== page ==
@VladimirTkachev, in addition to the general case of maps $\ f:X\rightarrow Y,\ $ was also concerned with the special case of $\ Y:=\mathbb R,\ $ i.e. with $\ X\rightarrow\mathbb R.\ $ I'll give an example (negative) in the extra simple case of $\ f:\mathbb I\rightarrow\mathbb R,\ $ where $\ \mathbb I\ $ is a closed interval.

**EXAMPLE** Let $\ f:[-1;1]\rightarrow\mathbb R\ $ be defined by:

$$\forall_{x\in[-1;1]}\quad f(x) := (x+1)\cdot x\cdot(x-1)$$

Then $\ E(f)\ $ is **disconnected**. Indeed, $\ (-1\,\ 1)\in E(f)\ $ is an isolated point of $\ E(f).\ $ Of course $\ (1\,\ -\!1)\ $ is another isolated point like this, and there are no other isolated points in $\ E(f)$.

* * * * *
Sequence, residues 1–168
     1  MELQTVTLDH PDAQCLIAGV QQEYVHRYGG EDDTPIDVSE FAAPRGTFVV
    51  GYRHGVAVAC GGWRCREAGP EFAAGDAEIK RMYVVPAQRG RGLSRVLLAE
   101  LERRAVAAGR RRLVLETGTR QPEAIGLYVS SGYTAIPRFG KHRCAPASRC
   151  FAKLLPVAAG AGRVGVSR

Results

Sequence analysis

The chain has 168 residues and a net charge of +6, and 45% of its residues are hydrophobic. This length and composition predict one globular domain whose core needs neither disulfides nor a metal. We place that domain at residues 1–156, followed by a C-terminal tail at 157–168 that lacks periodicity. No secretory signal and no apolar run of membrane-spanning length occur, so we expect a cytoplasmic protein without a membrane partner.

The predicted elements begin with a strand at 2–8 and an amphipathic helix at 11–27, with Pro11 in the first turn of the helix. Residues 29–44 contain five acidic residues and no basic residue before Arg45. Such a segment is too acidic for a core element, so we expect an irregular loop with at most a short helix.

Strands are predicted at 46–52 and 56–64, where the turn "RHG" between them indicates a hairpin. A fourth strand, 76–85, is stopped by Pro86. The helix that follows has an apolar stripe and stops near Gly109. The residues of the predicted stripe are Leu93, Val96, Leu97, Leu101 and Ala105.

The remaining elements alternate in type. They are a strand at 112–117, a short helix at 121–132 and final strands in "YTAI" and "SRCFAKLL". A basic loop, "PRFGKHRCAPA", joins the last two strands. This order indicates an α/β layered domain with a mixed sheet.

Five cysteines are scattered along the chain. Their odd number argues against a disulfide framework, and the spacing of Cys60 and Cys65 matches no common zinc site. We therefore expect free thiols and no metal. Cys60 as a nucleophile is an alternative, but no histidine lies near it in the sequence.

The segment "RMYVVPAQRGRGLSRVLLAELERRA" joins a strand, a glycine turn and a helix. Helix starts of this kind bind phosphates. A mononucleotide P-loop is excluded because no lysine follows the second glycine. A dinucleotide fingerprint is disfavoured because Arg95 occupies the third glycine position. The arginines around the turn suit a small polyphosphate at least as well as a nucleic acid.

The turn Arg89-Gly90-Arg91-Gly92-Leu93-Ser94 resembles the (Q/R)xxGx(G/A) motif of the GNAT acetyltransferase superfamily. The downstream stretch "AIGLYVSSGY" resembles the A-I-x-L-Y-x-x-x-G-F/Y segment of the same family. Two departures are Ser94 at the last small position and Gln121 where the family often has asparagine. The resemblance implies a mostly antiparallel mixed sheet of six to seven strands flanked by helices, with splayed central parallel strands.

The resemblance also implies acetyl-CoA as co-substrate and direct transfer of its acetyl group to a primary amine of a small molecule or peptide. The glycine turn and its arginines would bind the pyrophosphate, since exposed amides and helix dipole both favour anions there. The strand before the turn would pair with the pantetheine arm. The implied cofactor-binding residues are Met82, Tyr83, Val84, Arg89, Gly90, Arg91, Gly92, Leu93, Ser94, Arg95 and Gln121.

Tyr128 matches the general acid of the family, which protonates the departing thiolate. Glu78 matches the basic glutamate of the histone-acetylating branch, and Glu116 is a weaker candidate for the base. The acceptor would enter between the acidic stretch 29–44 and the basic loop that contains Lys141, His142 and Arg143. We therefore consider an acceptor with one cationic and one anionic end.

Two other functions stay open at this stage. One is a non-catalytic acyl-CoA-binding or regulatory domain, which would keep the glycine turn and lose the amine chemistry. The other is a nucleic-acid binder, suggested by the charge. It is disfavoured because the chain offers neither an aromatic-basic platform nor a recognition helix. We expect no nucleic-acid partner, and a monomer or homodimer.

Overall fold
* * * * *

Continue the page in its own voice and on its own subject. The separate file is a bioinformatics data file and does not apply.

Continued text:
**PROOF** We have 3 cases:

- if $\ (x\ y)\in E(f)\ $ is such that $\ f(x)=f(y) < 0\ $ then both $\ x\ y>0\ $ are positive;
- $\ E(f)\cap f^{-1}(0)\ =\ \{-1\,\ 0\,\ 1\}^2$
- if $\ (x\ y)\in E(f)\ $ is such that $\ f(x)=f(y) > 0\ $ then both $\ x\ y<0\ $ are negative.

Thus the distance (say, Euclidean) from $\ (-1\,\ 1)\ $ or $\ (1\,\ -\!1)\ $ to any other point $\ (x\ y)\in E(f)\ $ is at least $\ 1$.

**End of PROOF**

*(I'll add some comments/extensions)*.

equalizer(ncatlab.org/nlab/show/equalizer) where the two parallel morphisms coincide. $\endgroup$ – Vidit Nanda Dec 28 '14 at 20:44